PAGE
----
Latest Amygdala Stories
We all have fears, rational or not. Some fear the dark, some fear snakes, and some fear the unknown. Most of us just have to accept our fears and try to live with them. Except, perhaps, if you are a certain 44-year-old business man in the UK.
Our brains are able to judge the trustworthiness of a face even when we cannot consciously see it, a team of scientists has found.
The tiny addition of a chemical mark atop a gene that is well known for its involvement in clinical depression and posttraumatic stress disorder can affect the way a person's brain responds to threats.
Issues of crime and punishment, vengeance and justice date back to the dawn of human history, but it is only in the last few years that scientists have begun exploring the basic nature of the complex neural processes in the brain that underlie these fundamental behaviors.
A specific electrical pattern has been identified in the brains of genetically identical mice which accurately predicts how well individual animals will fare in stressful situations, according to new research by Duke University scientists.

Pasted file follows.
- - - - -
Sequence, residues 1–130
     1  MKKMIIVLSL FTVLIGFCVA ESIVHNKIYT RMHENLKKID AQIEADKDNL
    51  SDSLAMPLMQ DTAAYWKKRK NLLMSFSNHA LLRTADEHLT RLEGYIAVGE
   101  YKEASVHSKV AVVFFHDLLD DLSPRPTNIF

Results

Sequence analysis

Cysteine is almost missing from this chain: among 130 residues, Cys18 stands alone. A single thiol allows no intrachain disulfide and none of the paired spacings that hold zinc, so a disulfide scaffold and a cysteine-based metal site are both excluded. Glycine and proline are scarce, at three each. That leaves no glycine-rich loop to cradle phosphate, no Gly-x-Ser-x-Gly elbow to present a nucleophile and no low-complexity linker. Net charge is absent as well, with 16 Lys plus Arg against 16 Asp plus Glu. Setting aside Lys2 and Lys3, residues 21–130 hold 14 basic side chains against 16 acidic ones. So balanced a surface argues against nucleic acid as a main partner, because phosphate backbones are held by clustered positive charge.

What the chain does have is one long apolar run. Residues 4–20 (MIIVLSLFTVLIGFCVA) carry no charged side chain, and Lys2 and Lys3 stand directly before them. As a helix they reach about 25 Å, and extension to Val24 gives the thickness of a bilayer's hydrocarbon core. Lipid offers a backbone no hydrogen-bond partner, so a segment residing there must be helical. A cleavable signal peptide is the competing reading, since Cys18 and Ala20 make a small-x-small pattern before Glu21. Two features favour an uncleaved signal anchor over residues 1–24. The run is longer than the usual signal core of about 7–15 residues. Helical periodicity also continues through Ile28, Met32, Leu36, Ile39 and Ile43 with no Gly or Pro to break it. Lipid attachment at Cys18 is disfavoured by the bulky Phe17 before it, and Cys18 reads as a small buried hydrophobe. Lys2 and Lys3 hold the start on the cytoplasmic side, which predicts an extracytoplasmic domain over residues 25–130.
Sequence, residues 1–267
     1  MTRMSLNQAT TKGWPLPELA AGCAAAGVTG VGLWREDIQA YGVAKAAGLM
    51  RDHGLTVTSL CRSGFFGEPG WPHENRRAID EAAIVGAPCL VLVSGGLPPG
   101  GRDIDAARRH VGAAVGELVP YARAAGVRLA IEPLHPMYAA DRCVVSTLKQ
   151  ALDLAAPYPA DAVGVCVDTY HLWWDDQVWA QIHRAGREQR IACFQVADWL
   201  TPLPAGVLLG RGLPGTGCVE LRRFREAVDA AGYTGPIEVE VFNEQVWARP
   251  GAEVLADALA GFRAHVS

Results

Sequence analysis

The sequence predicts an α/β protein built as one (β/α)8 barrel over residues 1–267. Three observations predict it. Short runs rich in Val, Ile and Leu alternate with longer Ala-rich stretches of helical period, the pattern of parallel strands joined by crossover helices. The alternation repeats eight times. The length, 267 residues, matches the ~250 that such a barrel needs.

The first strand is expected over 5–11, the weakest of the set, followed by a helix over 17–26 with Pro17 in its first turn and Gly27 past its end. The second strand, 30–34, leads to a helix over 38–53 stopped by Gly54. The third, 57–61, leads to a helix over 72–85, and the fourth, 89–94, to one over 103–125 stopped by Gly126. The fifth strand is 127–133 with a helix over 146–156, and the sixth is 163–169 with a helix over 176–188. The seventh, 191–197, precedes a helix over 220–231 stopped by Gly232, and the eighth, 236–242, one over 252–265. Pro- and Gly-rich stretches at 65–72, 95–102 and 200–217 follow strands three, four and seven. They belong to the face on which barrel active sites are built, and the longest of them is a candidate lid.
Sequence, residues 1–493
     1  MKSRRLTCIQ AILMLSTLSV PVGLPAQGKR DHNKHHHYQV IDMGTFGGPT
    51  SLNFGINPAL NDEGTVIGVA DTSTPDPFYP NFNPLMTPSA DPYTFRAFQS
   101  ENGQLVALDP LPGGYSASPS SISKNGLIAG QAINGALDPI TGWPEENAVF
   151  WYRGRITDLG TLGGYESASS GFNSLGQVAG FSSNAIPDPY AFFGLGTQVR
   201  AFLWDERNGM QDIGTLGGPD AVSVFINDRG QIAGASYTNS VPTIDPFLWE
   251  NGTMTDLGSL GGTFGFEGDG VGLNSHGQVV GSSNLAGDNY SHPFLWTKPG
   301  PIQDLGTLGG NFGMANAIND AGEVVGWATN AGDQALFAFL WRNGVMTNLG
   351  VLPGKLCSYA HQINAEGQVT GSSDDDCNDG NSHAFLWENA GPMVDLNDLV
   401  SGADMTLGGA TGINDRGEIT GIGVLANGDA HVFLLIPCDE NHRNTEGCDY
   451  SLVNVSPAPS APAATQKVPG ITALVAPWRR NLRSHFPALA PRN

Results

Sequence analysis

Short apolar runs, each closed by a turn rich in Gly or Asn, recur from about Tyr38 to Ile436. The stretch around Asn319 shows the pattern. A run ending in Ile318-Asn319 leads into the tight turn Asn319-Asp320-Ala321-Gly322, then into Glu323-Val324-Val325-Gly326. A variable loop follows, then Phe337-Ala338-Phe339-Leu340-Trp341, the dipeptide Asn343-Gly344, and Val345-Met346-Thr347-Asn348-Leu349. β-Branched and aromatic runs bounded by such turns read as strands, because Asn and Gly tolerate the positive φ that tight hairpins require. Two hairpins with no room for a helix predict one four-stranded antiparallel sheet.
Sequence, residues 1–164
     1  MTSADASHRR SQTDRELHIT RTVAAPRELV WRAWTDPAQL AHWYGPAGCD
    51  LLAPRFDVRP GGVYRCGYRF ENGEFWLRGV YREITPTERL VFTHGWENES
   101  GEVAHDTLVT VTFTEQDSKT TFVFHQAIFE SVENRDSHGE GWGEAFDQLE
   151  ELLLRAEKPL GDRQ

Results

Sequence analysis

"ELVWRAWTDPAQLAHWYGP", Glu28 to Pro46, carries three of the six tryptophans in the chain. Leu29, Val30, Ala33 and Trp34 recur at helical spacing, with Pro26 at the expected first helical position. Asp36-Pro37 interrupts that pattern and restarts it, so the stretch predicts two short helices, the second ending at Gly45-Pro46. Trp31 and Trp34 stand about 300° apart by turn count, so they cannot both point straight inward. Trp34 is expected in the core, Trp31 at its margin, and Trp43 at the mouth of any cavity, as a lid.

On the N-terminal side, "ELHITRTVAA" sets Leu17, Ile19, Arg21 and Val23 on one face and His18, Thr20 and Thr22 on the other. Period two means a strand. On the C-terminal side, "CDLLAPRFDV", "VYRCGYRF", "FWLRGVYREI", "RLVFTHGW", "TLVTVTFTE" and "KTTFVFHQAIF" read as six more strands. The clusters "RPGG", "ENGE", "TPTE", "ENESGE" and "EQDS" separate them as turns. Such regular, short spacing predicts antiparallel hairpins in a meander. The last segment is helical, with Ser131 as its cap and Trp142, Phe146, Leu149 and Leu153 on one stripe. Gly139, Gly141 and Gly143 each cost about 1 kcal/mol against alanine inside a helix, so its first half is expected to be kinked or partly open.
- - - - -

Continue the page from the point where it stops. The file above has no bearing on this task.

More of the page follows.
When evaluating another person's emotions – happy, sad, angry, afraid – humans take cues from facial expressions.
Patients with persistent ringing in the ears – a condition known as tinnitus – process emotions differently in the brain from those with normal hearing.
Chronic stressors such as poverty or abuse can have a lasting negative impact on children and could be linked to behavioral, health or employment-related problems later on in life, according to new research appearing in the latest edition of the journal Biological Psychiatry.
Making a snap decision usually means following your initial reaction -- going with your gut.
A new study on the brains of mustached bats could provide a window into our own cognitive processes, according to a report published in the journal Frontiers in Physiology on Tuesday.
- A member of the swell-mob; a genteelly clad pickpocket. Sometimes mobsman.